Saturday, June 26, 2010

The Glory of Christ by John Owen - Chapter 9 - The Glory of Christ's Union with the Church

From The Glory of Christ (Law, R. J. K. The Glory of Christ. Edinburgh: Banner of Truth Trust, 1994.) by John Owen:

"There is an intimate union between Christ and His church. This makes it right and just in the sight of God that what Christ did and suffered should be reckoned and imputed to us as if we had done and suffered the same things ourselves." (74)

"So it was necessary since God had purposed to save His church, to transfer the punishment from those who deserved it but could not bear it, to one who had not deserved it but could bear it. This transfer of punishment by divine dispensation is the foundation of the Christian faith, indeed of all the supernatural revelation contained in Scripture." (74)

"There is no injustice in God, so the transfer of the sins of some to others who are punished for them must be just and fair." (76)

Divine justice does not arbitrarily punish someone for the sins of others. There is always a special reason why the sins of some are transferred to others: there must be a special union or relationship between those who sin and those who are punished for their sins. Before the punishment of sin can be transferred to another there must be a special relationship or union between the two persons. We can take as examples, the relationship between parents and children, and also a king and his subjects, as in the case of David. The persons sinning and those suffering for their sins are treated as one body, in which when one member sins another member of the same body may justly suffer for that sin. The backside may be punished for what the hand has stolen or the mouth has spoken." (76)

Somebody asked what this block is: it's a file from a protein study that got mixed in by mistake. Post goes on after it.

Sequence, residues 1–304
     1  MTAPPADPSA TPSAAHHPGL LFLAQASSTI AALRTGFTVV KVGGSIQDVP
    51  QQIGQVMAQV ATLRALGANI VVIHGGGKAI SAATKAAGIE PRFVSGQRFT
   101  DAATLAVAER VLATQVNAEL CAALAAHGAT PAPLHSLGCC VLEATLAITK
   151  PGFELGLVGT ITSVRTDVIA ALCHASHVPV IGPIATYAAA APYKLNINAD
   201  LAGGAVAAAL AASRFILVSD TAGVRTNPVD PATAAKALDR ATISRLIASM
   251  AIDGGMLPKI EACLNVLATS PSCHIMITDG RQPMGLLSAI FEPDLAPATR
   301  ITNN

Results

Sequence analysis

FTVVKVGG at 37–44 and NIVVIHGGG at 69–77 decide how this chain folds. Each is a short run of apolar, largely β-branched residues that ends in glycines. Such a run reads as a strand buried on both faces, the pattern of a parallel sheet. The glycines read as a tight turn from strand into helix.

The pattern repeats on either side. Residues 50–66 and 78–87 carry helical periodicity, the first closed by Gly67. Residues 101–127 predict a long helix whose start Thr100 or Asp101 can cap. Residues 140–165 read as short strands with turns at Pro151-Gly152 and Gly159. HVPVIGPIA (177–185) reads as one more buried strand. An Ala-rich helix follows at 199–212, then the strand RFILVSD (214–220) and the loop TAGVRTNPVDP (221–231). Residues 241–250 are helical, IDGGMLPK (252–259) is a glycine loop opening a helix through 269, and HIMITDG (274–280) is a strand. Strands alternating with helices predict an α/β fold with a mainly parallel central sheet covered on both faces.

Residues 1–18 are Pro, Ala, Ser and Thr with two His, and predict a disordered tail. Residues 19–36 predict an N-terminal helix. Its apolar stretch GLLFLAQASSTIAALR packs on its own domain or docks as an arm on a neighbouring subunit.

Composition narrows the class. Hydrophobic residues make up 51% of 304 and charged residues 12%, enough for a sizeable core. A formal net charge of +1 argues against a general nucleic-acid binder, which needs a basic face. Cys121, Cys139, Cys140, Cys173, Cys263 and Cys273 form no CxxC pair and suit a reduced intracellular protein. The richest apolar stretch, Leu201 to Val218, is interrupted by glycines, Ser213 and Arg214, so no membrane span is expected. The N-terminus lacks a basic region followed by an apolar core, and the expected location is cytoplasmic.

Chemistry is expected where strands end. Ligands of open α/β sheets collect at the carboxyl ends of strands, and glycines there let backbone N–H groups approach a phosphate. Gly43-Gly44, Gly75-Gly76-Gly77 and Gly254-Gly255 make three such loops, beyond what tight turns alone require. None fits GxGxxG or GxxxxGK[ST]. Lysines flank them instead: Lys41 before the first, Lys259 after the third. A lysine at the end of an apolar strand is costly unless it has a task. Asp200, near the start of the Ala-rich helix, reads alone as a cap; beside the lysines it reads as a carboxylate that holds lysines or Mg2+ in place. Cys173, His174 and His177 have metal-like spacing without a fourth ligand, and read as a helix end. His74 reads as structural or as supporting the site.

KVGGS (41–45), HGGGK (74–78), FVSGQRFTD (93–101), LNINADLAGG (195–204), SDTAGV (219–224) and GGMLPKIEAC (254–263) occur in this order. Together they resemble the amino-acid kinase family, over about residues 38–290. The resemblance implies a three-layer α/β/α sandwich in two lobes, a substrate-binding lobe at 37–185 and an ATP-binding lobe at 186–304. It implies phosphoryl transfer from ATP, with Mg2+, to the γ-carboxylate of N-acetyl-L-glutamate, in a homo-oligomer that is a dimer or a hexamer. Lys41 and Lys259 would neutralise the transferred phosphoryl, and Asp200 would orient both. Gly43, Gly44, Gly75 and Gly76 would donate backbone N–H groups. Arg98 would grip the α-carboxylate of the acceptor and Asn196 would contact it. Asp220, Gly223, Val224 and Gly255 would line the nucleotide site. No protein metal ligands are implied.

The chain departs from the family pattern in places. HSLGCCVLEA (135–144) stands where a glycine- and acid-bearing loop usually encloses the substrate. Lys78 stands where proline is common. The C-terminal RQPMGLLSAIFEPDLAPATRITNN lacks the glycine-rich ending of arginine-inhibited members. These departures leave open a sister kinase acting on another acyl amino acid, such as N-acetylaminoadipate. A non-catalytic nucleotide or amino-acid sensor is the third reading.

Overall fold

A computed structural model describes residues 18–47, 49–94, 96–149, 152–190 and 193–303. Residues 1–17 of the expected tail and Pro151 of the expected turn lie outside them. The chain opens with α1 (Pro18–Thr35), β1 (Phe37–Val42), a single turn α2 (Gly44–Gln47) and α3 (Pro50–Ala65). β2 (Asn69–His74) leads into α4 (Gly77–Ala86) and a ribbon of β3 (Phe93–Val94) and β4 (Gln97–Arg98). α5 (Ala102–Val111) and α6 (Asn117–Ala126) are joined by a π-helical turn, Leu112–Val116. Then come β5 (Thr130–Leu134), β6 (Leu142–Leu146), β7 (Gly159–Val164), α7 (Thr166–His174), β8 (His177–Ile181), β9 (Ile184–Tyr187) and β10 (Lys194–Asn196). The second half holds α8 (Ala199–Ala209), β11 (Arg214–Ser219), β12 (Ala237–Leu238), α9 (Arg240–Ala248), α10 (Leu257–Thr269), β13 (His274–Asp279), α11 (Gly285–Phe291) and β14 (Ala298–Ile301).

"The union between Christ and his church did not arise by necessity of nature, but from a voluntary act of his will." (77)

"Although this mystical union does not actually take place until believers are united to Christ, yet the church of the elect was chosen to be Christ's spouse before his sufferings, in order that he might love her and suffer for her." (79)

"So by reason of this union it was just and right for God to impute our sins to Christ and his obedience and death to us, treating us as if we had obeyed and died for our own sins." (80)

" virtue of his mystical union with the church, the law was perfectly obeyed in us by being obeyed for us." (81)

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